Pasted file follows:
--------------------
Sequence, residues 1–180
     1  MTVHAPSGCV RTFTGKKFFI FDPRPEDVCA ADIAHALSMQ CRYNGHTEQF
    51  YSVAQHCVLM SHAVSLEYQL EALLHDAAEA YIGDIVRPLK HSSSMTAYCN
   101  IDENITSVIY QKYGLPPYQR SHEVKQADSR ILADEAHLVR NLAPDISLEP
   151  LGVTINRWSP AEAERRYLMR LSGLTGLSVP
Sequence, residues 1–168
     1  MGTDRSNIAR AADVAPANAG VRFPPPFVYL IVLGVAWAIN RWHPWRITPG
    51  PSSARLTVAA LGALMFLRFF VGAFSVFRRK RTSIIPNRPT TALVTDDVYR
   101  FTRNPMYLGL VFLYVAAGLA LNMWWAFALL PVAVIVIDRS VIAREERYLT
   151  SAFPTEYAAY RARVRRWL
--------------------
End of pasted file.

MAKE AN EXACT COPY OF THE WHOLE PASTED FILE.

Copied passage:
Sequence, residues 1–180
     1  MTVHAPSGCV RTFTGKKFFI FDPRPEDVCA ADIAHALSMQ CRYNGHTEQF
    51  YSVAQHCVLM SHAVSLEYQL EALLHDAAEA YIGDIVRPLK HSSSMTAYCN
   101  IDENITSVIY QKYGLPPYQR SHEVKQADSR ILADEAHLVR NLAPDISLEP
   151  LGVTINRWSP AEAERRYLMR LSGLTGLSVP
Sequence, residues 1–168
     1  MGTDRSNIAR AADVAPANAG VRFPPPFVYL IVLGVAWAIN RWHPWRITPG
    51  PSSARLTVAA LGALMFLRFF VGAFSVFRRK RTSIIPNRPT TALVTDDVYR
   101  FTRNPMYLGL VFLYVAAGLA LNMWWAFALL PVAVIVIDRS VIAREERYLT
   151  SAFPTEYAAY RARVRRWL